Interesting -- kind of like watching Cops is interesting. You don't really like it, but you can't pull yourself away beause it's so unbelievable.
Lisa Butterworth
This book was very informative about flds culture and easy to read. I admit I skimmed parts, but I was more interested in getting the big picture and dude, what a hard life.

It always frustrates me so much when people are so blithe about pulling ourselves up by our bootstraps, as though it's just so easy to escape the circumstances of our birth and culture and build an independent life. This book clearly illustrates the many flaws in the whole boot-strap mind-set. It took a lot of lucky breaks a
Wow. This book is quite the trip, if you're up for it. I had never really wondered all that much about what life would be like for women living in polygamy. My general attitude towards the whole FLDS culture (including Warren Jeffs, when he was getting tons of news coverage) was, "Well, that's their thing." But, this book makes it abundantly clear that this isn't just a matter of freedom of religion. It is opression, manipulation, and totalitarianism at its worst. Polygamy, as portrayed here, is ...more
Lady Jane
"Here is something I have learned the hard way, but which a lot of well-meaning people in the West have a hard time accepting: All human beings are equal but all cultures and religions are not. Ayaan Hirsi Ali, Nomad, p. 212

I could barely put Caroly Jessop's harrowing story of her life within and escape from the FLDS church and community down and I can't stop thinking about it now.

Tony Campolo theorizes in The Power Delusion that in personal and corporate relationships, those that love least hav
A fascinating memoir and look into the FLDS freakshow (not to be confused with The Church of Jesus Christ of Latter-day Saints who have nothing to do with this group and have been very outspoken about the FLDS's heinous and unlawful ways). It was really interesting to see into family dynamics in a polygamist household and my heart just ached at the helplessness of the women and children to do anything about their situations without taking drastic measures. It also chronicled the reign of Warren ...more
I couldn't put this book down, so I read it in one day. I'm not sure what's more outrageous - the fact that this book is NOT fiction, or the fact that this craziness is going on in the 21st century United States. Despite the horror of Jessop's story, her words are still uplifting and her triumphs against such impossible odds are inspiring. I was tearing up at the end. Definitely a must-read.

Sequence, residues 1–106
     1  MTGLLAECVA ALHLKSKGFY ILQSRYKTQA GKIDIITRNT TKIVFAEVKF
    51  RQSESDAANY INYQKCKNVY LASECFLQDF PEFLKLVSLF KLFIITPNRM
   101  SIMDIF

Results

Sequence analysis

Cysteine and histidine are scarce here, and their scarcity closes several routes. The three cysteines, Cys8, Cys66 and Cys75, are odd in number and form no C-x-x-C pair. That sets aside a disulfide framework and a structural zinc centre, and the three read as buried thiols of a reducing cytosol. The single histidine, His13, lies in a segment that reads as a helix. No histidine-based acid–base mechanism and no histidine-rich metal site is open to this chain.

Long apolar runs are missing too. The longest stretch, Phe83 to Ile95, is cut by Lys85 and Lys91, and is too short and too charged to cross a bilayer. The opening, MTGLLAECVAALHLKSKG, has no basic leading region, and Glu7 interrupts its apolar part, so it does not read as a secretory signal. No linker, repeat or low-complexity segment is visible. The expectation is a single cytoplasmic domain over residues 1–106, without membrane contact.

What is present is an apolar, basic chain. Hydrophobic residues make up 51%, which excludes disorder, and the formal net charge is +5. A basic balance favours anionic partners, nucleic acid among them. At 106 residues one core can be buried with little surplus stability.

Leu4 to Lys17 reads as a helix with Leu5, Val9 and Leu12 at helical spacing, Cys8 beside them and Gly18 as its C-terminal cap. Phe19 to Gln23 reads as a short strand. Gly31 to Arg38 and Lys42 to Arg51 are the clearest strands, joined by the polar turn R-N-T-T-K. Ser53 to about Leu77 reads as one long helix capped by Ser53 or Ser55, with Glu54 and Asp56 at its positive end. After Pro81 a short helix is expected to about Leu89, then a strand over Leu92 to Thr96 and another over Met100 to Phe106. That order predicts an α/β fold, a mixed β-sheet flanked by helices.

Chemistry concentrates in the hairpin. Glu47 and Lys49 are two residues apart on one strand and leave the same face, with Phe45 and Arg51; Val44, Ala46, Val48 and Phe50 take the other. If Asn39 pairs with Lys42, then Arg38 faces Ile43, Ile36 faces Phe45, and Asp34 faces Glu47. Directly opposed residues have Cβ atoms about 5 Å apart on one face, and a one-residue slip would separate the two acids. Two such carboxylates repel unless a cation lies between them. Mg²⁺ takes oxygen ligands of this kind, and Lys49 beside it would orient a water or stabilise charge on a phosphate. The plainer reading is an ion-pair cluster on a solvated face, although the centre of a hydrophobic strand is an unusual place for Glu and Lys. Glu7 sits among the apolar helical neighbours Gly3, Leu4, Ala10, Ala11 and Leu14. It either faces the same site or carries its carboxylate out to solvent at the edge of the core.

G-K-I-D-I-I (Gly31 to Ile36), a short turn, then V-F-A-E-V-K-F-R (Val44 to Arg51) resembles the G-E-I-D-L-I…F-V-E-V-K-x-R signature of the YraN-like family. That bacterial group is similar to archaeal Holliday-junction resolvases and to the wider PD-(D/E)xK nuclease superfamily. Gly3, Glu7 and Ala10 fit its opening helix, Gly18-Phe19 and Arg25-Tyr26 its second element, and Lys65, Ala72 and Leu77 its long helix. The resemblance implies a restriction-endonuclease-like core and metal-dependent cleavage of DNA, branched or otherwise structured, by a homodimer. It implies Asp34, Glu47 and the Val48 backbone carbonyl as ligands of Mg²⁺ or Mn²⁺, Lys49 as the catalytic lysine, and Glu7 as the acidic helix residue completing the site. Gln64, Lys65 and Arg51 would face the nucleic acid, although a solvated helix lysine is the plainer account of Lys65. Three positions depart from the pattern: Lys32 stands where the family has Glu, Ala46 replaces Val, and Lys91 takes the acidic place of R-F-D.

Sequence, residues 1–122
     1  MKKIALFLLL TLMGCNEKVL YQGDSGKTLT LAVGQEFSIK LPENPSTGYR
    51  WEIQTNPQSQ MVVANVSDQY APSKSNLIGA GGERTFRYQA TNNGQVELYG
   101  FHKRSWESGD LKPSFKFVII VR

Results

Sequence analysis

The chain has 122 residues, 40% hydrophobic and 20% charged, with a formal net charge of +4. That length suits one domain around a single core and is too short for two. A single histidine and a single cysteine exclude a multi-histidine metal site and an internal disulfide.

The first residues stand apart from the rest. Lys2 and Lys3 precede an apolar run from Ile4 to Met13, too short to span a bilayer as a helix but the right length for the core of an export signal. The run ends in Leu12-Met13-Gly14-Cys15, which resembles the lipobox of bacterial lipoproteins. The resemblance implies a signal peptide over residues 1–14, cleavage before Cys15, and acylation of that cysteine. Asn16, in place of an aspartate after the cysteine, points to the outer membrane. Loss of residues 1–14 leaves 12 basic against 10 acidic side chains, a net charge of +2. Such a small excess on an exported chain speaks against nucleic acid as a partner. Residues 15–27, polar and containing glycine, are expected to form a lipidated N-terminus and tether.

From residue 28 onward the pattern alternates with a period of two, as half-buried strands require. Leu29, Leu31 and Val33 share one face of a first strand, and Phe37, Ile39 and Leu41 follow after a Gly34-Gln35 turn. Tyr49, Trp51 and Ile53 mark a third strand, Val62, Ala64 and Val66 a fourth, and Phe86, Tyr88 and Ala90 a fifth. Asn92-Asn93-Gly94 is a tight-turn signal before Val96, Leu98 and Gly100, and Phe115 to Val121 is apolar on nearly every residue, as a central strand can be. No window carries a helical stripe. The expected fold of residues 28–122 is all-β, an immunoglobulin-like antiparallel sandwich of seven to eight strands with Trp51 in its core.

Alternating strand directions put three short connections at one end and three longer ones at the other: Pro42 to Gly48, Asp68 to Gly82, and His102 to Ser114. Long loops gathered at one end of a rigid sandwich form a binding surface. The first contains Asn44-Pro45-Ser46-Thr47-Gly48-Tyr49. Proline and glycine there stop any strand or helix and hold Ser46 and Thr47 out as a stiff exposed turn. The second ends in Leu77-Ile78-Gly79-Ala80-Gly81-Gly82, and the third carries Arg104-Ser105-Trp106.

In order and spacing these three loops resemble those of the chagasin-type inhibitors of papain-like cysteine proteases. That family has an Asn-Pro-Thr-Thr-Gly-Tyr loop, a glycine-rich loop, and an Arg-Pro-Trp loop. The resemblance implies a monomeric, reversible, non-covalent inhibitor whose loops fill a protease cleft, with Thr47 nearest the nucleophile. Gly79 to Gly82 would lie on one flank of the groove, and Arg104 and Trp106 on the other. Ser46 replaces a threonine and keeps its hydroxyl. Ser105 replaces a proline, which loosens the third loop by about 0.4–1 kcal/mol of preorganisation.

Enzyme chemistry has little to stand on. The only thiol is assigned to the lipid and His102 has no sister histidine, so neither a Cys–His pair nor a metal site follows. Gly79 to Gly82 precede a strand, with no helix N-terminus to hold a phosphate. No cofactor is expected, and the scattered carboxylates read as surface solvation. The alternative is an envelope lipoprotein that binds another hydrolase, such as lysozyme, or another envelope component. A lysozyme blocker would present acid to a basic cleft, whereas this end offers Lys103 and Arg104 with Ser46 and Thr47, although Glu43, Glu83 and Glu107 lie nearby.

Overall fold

I used to think the FLDS were basically good people, just a little confused but doing their best to live their religion. I was horrified that their children were taken from them. After reading this book I am not so sure anymore???

According to Carolyn Jessop's story these people are brainwashed, seriously confused, unable to think for themselves, physically and mentally abusive to each other, They have taken a celestial principle and turned it into sheer wickedness. The way they have mangled the
Mar 26, 2008 Patti rated it 5 of 5 stars  ·  review of another edition
Recommends it for: anyone 18 and older
You hear about these things,but wonder to yourself if it's really true,and then put it out of your mind. After reading this book I not only belive these things are truly happening,but while reading it,I wanted to jump up and try to get all of those women out of that religion!! LOL Of course,I'm just an itty bitty woman that lives in an itty bitty town in Wisconsin,so not much I can do for these women.I just thank God that America's Most Wanted was able to "capture" the guy that became the Leader ...more
I did like this book but it was very disturbing to me in the sense that people really live in that kind of abuse. I was interested in reading it with all of the "YFZ" stuff on the news. It is a true story about a woman who after living in a polygamy colony all her life and being one of the wives of an abusive husband finally, in her own word, "escapes". It was heartbreaking to me what she lived through. I thought I wanted to choose this book to read for book club but I have changed my mind. Ther ...more
This is certainly a must-read if you live in Utah, or Texas; if you are Mormon; or if you think polygamy is a victimless crime. It would certainly be interesting if a current polygamist wife could write her version of life in the FLDS community! This book is horrifying, but fascinating. It's difficult to believe anything like this is happening in THIS century.
Inacreditável! Na primeira parte do livro, e de tão estranha e incompreensível é esta realidade, parecia-me quase que estava a ler ficção. Esta senhora é uma verdadeira heroína dos tempos modernos.
Jun 25, 2008 Carol rated it 4 of 5 stars  ·  review of another edition
Recommends it for: everyone
This review has been hidden because it contains spoilers. To view it, click here.
Aug 06, 2008 Vaughn rated it 5 of 5 stars  ·  review of another edition
Recommends it for: Everyone
This book was absolutely jaw dropping. It gives wonderful insight to not only a fanatical (fundalmental) way of life, but to know HOW many people are involved right here in the United States!! Her upbringing and way of life is surprising for a "religious" sect and when married at 18, it's a whole new role she plays. The demands and rules from her husband, her lack of freedom, the terrible treatment from her sister wives, the way her children were raised and used to pit the adults against each ot ...more
May 12, 2008 Paige rated it 4 of 5 stars  ·  review of another edition
Recommended to Paige by: Sarah
I just finished this for my book club. I gave it a 4 because it was a very interesting look into the FLDS religion. I wouldn't take her account as absolutely true of every FLDS family--and she admits a lot of the abuse she experienced was unique to her particular situation. As a member of the LDS church, I was annoyed by the author's mingling of "mainstream Mormons" and the FLDS. It was clear (to me) that she didn't know much about the LDS church and seemed to think we hold a lot of the same bel ...more